Tag: San Diego Chargers

Colin Kaepernick Pledges $1 Million Donation to Social and Racial Justice Charities

Colin Kaepernick
Colin Kaepernick #7 of the San Francisco 49ers signs autographs for fans after a 31-21 win over the San Diego Chargers on September 1, 2016 in San Diego, California. (Photo by Harry How/Getty Images)

article by Natasha Alford via thegrio.com

In the midst of controversy over his protest of the national anthem, Colin Kaepernick is using the spotlight to address the issues he says inspired his stance.

At Thursday night’s preseason game against the San Diego Chargers, Kaepernick pledged a $1 million dollar donation to groups which address issues of racial and social inequality.

He didn’t offer specific details about which groups would receive donations but explained his intentions.–Veterans show support for football star with #VeteransForKaepernick tweets “I’ve been very blessed to be in this position and to be able to make the kind of money that I do and I have to help these people,’’ said Kaepernick. “I have to help these communities. It’s not right that they’re not put in the position to succeed or given those opportunities to success.’’

Kaepernick also recently joined forces with his girlfriend, Hot 97 radio personality Nessa Diab, to donate $60,000 worth of backpacks to students in Harlem and the South Bronx. As part of his six-year, $114,000,000 deal with the 49ers, Kaepernick’s base salary this year is $11.9 million dollars.

To read full article, go to: Colin Kaepernick pledges $1 million donation to charity for needy communities | theGrio

R.I.P. NFL Hall of Famer and Defensive Legend David ‘Deacon’ Jones

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David “Deacon” Jones (pictured), the defensive end who was credited for using the word sack to describe how he knocked down quarterbacks on the field, passed away at his Southern California home on Monday night of natural causes. He was 74 years old, according to USA Today.

Jones was a legendary player that other players idolized and was often referred to as “one of the greatest players in NFL history.” Jones played for the L.A. Rams from 1961 to 1971, San Diego Chargers from 1972 to 1973, and signed on with the Washington Redskins in 1974, marking the end of his stellar career.

Former Rams head coach George Allen once referred to Jones as the “Greatest Defensive End of Modern Football,” while the New York Times pegged the gridiron great as the “Most Valuable Ram of All Time.” Jones was voted to the NFL’s 75 Year All Time Team and was inducted in to the Pro-Football Hall of Fame in 1980.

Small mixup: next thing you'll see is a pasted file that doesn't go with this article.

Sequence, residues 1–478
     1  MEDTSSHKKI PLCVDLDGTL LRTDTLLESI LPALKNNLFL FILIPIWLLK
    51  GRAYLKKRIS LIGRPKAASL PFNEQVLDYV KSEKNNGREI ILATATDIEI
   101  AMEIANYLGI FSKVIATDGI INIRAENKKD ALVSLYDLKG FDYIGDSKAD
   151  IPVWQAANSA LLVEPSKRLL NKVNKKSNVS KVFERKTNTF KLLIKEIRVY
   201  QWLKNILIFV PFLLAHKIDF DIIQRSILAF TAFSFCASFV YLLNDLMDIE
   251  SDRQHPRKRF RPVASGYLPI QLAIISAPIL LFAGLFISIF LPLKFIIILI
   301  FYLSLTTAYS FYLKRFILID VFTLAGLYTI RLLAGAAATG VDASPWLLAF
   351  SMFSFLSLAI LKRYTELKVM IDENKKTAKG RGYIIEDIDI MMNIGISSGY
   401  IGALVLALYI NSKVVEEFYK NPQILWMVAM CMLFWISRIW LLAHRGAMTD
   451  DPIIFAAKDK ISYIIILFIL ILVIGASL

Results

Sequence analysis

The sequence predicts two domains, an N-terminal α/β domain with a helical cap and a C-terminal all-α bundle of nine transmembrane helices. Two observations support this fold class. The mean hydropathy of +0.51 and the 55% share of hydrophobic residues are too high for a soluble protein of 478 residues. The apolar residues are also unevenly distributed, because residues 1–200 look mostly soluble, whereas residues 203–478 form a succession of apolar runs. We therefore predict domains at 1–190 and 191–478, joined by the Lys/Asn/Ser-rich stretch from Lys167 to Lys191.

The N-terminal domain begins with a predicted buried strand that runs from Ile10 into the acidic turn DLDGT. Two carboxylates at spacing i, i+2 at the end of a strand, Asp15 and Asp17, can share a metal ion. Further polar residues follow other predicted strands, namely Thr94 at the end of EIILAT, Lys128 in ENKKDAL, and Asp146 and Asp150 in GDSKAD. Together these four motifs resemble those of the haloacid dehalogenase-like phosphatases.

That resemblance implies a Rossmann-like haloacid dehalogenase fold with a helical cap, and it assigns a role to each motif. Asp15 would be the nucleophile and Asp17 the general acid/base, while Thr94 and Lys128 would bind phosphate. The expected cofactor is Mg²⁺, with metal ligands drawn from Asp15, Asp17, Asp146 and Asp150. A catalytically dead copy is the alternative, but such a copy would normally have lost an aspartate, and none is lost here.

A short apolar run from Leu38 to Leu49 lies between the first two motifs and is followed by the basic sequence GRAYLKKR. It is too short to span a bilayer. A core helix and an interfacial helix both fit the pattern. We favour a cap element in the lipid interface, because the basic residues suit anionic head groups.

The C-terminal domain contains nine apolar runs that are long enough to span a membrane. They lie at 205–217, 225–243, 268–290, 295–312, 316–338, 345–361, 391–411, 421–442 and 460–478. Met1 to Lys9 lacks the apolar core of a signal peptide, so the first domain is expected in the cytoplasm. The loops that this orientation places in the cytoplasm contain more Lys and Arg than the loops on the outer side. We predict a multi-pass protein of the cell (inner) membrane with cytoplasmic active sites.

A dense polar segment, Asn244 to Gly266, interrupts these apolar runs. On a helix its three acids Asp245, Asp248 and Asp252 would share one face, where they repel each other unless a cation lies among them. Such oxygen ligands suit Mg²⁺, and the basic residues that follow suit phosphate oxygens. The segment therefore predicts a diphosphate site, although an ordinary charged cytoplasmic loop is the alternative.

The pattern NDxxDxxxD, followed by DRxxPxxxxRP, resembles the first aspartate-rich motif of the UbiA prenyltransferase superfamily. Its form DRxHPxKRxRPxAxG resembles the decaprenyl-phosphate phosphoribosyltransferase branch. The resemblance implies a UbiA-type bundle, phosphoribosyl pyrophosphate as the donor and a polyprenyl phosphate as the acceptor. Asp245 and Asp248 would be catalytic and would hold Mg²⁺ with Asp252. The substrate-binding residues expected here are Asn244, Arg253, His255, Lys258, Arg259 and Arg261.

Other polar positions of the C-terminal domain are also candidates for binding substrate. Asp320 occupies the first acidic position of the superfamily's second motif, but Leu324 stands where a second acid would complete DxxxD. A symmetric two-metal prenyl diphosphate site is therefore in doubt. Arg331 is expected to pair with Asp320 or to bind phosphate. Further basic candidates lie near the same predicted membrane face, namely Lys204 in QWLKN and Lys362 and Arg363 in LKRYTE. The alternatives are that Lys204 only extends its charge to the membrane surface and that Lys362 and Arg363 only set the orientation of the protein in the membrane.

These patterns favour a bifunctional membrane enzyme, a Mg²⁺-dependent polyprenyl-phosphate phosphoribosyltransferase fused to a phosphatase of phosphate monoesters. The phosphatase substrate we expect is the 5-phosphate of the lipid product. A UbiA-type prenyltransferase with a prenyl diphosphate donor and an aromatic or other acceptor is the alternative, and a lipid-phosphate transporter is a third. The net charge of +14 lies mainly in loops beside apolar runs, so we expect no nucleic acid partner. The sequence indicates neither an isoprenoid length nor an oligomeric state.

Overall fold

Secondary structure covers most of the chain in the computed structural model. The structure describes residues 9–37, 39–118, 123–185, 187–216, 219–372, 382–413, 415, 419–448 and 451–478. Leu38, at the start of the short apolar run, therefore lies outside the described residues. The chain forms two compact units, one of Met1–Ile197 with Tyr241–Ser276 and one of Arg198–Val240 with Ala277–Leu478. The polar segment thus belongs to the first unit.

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Jones, who has been deluged with honors throughout his playing career and has never been taken off any sports analyst’s or enthusiast’s list of  “Top 100 players of all time,” actually came from humble beginnings.

Jones was born in Eatonville, Fla., and shared the home with nine other family members.  He attended Hungerford High School, where he excelled in all areas of athletics, baseball, basketball, and football.  Even though Jones managed to earn a scholarship to South Carolina State University, when he finally landed there in 1957, it was revoked after academicians discovered he took part in a civil rights sit-in.

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An assistant coach at South Carolina State, who was leaving and had taken a position at Mississippi Vocational, convinced Jones and a handful of other Black players that he could get them scholarships to his new school.

When Jones and the players went to the college, though, they were not allowed to join their White team members at motels and were relegated to sleeping on shoddy cots at the opposing school’s gymnasiums.

The Rams selected Jones in 1961, and he quickly became one of the team’s “Fearsome Foursome” defensive line of players along with Rosey Grier (pictured second from right), Lamar Lundy (pictured far left), and Merlin Olsen (pictured second from left).

These four men are now considered to be one of the best defensive lines in all of NFL history.

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R.I.P. Former NFL Running Back and Pro-Bowler Chuck Muncie

Chuck Muncie, a tall, talented NFL running back, died of a heart attack on Monday. He was 60.  Muncie played nine years in the NFL with the New Orleans Saints and San Diego Chargers and was a three-time Pro Bowl selection. At 6-3, 227 pounds, he was a versatile back who could chew up yards with his long stride and was an effective receiver out of the backfield.

With his talent, height and trademark glasses—he was one of the first players to use glasses or goggles—Chuck Muncie always stood out on the field.

He went over the 1,000-yard mark twice—with the Saints in 1979 and the Chargers in 1981, as part of the explosive Air Coryell attack. He also led the NFL with 19 rushing touchdowns in ’81 and rushed for 124 yards and a touchdown in the Chargers’ epic 41-38 overtime victory over the Dolphins in the divisional playoffs that season.

The third overall pick in the 1976 draft by the Saints, he rushed for 6,702 yards and 71 touchdowns in 110 career games.

Muncie played in only one game in 1984, when he was suspended after testing positive for cocaine. He later was reinstated and traded to the Vikings in 1985, but he never played in another regular-season game.

Muncie was arrested in 1989 and sentenced to 18 months in prison for selling cocaine. He eventually turned his life around and worked with children and people who battled drug addiction. He also mentored athletes at Cal, his alma mater.

article via aol.sportingnews.com